An archery tournament

The connection between the two royal couples clearly remains in the minds of many; a 2022 headline for Queen Elizabeth II's funeral reads: "Queen's funeral: The King and Queen who will be at the funeral dubbed 'the Prince William and Kate Middleton of the Himalayas'".

Travel as pilgrimage, not conquest

Some folks travel as a form of conquest. You have conquered the people and land you visited by purchasing some cheap plastic, by carving your name into a tree.

But what about travel as pilgrimage? Some people travel in search of answers and meaning.

Pur. Hiking path to the famous Paro Taktsang or Tiger's Nest monastery, Bhutan.

The hike to Tiger's Nest can just be a hike with great views, or it can be a hike with great views that offers you a special chance to reflect

When you visit Bhutan, you can almost travel backwards in time to understand a world before the internet made us doubt ourselves and our achievements. (In fact, so ancient and untouched is the land that tourists could only start visiting from the 1970s).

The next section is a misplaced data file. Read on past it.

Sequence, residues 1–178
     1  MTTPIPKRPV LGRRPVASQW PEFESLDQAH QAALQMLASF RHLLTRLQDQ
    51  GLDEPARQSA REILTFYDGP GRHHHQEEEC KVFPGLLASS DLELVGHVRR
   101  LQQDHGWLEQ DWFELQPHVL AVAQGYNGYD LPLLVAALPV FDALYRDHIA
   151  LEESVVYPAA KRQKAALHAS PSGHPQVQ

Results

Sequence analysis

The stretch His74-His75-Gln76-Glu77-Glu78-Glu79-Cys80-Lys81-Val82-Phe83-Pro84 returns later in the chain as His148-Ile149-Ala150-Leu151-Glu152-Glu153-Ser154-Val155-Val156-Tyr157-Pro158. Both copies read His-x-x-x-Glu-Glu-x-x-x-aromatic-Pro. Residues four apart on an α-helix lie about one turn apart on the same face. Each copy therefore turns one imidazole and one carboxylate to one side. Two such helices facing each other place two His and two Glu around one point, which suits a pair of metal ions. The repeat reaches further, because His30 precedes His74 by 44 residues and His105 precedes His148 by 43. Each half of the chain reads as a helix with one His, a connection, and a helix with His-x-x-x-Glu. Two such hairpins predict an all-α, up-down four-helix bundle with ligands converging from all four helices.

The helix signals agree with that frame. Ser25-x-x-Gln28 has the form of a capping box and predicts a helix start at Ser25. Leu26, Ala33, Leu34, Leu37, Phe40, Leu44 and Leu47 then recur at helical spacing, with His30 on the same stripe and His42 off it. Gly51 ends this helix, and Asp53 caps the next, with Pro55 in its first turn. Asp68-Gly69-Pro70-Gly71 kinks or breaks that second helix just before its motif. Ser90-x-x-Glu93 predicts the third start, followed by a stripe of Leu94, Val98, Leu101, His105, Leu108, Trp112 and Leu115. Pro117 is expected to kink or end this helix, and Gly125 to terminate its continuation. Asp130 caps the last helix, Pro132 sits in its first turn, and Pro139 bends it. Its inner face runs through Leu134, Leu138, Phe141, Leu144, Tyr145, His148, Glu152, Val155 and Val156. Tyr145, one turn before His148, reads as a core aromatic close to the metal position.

Don't expect a miracle salve

While Bhutan, the upside-down country, certainly has something special to offer, don't look to it to be everything. Don't expect a Road to Emmaus moment.

As quoted in The Guardian, one of Bhutan's past prime ministers, Tshering Tobgays, cautioned everyone in 2014:

The world should not expect too much from us, and we should not expect too much from ourselves.

Don't think a visit to Bhutan is going to 'happy switch' your life. But what it might do is help you to find a fresh perspective. Or a renewed commitment to prioritising your wellness over Insta success. Or just some precious moments of quiet peace.

Everything is possible when you travel as pilgrim rather than consumer.